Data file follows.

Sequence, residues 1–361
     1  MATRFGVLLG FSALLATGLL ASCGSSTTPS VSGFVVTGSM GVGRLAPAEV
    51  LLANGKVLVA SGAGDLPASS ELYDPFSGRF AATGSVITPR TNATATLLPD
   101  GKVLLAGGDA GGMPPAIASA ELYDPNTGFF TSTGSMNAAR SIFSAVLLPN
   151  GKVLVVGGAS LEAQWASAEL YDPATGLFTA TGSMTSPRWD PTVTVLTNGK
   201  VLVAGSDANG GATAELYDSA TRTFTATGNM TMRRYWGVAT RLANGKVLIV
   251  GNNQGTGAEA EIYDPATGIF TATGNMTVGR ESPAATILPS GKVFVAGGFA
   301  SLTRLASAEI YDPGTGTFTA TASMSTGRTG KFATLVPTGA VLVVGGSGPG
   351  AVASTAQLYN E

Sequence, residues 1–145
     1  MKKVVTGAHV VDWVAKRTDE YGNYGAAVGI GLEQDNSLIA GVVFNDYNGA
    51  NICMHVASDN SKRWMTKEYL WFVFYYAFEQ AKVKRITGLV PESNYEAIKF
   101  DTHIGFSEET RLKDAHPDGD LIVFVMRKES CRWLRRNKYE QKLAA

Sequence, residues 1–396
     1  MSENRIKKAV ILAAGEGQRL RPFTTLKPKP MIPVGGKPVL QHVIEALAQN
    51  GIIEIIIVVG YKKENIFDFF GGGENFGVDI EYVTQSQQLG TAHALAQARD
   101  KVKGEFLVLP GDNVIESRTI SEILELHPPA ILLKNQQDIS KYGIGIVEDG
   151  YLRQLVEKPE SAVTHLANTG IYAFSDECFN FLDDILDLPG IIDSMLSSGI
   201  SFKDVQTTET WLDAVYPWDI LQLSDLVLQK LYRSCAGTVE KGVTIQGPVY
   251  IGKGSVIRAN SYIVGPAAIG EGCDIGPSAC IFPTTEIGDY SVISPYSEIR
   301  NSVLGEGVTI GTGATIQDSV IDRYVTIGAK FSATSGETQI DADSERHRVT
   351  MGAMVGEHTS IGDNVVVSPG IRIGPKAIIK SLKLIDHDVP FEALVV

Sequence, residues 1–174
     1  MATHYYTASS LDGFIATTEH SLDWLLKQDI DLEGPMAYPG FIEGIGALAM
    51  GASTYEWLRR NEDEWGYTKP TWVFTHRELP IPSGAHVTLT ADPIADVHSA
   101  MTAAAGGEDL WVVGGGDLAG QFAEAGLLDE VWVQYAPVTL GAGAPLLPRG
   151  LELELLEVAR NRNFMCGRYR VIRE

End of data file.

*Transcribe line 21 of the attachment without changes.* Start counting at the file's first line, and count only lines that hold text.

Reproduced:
   301  NSVLGEGVTI GTGATIQDSV IDRYVTIGAK FSATSGETQI DADSERHRVT